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2021 in Review: Jarren Duran’s rough first taste of the bigs

He arguably was not given enough time to make the proper adjustments.

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Boston Red Sox v Tampa Bay Rays Photo by Douglas P. DeFelice/Getty Images

Welcome to our 2021 Boston Red Sox in Review series. This is, as you can probably guess, where we will be reviewing all of the players who made at least a modest impact on the Red Sox in 2021. Every week day we’ll be deep diving into one player, describing the season in a sentence, looking at the positives from the year as well as negatives, looking back at our one big question from our season preview and looking ahead to the 2022 season. Today we look at Jarren Duran’s 2021 campaign.

2021 in one sentence

Called up way later than he should’ve been, the Olympian wasn’t given enough time to prove himself before the deadline where outfield depth was a need and couldn’t touch major-league pitching during the playing time he was given.

The Positives

Duran’s development is a testament to his drive to get better. During the pandemic, the speedy outfielder began lifting, beefed up, and re-tooled his swing to more consistently tap into some newfound power. The result was more home runs hit in 46 games than the rest of his college and pro career to that point combined. The swing change, which we got our first taste of during the 2020 summer and winter, helped Duran jump way up prospect lists, and fans were begging for him to be called up as soon as May when it was evident the big club had holes in the outfield.

When he finally got called up in July, much of the results were of the variety that will be included in the next section, but on the positive side he showed off his impressive wheels, ranking in the 96th percentile in Statcast’s sprint speed. The raw power isn’t that of other recent Red Sox prospects of note or even his peers like Triston Casas, but the swing change gave his prospectdom second life and will allow him the opportunity to be a good major leaguer as soon as next year. With Worcester he hit .258/.357/.516 over 283 plate appearances.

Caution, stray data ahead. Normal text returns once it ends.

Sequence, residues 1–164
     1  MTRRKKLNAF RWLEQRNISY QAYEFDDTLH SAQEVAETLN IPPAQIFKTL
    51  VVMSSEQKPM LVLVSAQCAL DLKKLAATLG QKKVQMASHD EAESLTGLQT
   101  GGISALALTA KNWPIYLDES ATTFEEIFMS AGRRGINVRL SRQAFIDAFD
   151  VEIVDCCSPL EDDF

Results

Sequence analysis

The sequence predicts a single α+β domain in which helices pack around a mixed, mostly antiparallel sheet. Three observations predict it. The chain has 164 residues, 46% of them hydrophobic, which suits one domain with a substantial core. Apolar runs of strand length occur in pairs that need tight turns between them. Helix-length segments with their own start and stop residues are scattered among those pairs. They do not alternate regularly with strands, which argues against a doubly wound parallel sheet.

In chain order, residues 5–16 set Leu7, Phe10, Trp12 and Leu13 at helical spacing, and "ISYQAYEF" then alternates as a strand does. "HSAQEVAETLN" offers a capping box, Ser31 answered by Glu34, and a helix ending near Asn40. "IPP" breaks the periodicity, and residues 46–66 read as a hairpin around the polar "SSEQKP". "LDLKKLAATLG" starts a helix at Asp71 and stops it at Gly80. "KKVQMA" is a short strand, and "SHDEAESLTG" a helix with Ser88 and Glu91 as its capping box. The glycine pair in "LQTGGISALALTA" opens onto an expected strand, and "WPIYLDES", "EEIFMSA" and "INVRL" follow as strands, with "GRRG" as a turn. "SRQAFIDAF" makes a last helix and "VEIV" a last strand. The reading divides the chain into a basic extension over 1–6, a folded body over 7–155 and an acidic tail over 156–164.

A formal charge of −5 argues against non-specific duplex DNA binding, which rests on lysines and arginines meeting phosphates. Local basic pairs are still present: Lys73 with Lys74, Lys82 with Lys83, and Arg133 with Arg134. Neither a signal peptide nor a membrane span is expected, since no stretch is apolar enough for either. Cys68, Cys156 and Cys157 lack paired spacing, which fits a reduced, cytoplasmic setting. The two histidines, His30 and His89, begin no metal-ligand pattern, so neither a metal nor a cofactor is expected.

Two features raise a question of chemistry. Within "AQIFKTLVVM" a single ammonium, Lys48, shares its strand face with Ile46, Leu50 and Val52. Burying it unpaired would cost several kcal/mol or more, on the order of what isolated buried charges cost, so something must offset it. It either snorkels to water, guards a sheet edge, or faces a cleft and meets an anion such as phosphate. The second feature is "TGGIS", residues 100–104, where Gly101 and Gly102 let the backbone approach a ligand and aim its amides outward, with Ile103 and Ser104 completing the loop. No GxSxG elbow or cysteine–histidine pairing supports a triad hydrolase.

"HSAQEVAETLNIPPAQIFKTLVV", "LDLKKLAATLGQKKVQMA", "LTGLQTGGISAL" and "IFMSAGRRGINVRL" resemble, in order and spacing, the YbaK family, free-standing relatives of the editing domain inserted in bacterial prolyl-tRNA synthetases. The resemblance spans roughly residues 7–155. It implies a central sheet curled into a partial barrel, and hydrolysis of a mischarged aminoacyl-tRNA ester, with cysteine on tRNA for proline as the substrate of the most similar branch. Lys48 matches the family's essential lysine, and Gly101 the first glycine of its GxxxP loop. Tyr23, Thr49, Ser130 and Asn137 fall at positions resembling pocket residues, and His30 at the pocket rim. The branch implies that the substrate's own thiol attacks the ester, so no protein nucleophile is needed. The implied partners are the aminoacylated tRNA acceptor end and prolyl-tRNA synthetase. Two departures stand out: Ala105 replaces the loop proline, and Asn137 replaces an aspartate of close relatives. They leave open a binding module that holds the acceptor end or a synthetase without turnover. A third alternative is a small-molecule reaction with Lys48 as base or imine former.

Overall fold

The Negatives

He didn’t hit at all in the majors, which will be the big question with him going forward. Getting 112 plate appearances at the highest level, Duran just struggled to make contact, hitting .215/.241/.336 for a rough 49 wRC+. By that metric, he was more than 50 percent worse than the league-average hitter. There was always going to be an adjustment period for him and it was why, in my opinion, he should’ve been called up sooner instead of Danny Santana.

Now instead of knowing whether or not he can hit major-league pitching — and we don’t know that yet, as nearly every prospect to come up in the last year or so has struggled mightily at first before making the necessary adjustments — and getting his first trip around the league out of the way, we’re left with more questions than answers and they can only be solved by giving him more major-league plate appearances on a team that’s going to have high expectations after overachieving into an ALCS run this past year.

Duran’s going to strike out, but if he can curb it to somewhere around his Triple-A numbers, it’d do him wonders, but that’s easier said than done as a developing hitter, particularly when there are multiple issues causing the strikeouts instead of one isolated issue.

The Big Question


2022 and beyond

Since Duran didn’t look like a major-league hitter in any aspect during his short time up, it’s difficult to project him. He needs reps at the highest level at some point soon, but this is a team that’s aiming to compete after a surprise ALCS run. They think highly enough of him that I doubt they’ll shove him on the bench and stunt his development, but it presents several questions where your answer might change depending on your budget, philosophical bent, or a combination of both.

Your feelings on whether you think Duran can hit pitching at the highest level in 2022 and if he can stay in center field long term might sway whether you put him on your Opening Day roster next season or whether you try and trade him to one of the teams selling off everything this offseason. He lost a year of development like everyone else in 2020, but his age can’t be ignored. There’s a chance that Duran, who turned 25 this past September, doesn’t figure out major-league pitching until he’s 27. We’ve seen how quickly speed can go and that is a large part of his value, so that development pace matters. The margins between failure and success for Duran’s career are very thin right now. If he doesn’t hit out of the gate, it’s harder to justify waiting on a 25 year old to develop than it is a 22 year old.